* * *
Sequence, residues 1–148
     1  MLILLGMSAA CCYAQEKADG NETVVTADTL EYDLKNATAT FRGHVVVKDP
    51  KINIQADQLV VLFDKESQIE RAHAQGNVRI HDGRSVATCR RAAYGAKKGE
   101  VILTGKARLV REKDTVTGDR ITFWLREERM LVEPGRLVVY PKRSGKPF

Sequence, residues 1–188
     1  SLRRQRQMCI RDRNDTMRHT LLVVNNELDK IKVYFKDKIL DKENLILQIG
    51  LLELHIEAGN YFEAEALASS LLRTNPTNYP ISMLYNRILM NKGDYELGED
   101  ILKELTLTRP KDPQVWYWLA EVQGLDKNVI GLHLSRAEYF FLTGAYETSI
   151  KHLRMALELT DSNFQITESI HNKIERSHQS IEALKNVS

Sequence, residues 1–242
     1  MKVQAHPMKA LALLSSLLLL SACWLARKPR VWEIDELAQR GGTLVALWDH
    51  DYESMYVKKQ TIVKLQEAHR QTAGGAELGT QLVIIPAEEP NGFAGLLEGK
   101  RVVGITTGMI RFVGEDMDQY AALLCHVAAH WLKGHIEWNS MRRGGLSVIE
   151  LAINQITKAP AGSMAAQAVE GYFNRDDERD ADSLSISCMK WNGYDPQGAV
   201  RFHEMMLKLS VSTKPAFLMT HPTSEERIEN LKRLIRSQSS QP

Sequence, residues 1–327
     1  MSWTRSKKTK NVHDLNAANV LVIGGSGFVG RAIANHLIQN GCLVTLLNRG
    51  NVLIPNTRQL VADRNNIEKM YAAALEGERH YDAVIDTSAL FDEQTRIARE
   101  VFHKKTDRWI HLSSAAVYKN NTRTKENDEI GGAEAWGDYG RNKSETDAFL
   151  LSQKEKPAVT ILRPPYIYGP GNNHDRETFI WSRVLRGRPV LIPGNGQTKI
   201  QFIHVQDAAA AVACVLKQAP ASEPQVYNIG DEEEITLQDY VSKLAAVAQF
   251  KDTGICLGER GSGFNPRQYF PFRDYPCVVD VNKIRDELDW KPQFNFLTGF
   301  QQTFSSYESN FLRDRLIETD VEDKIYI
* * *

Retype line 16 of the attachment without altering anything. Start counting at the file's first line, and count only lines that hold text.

Sequence, residues 1–327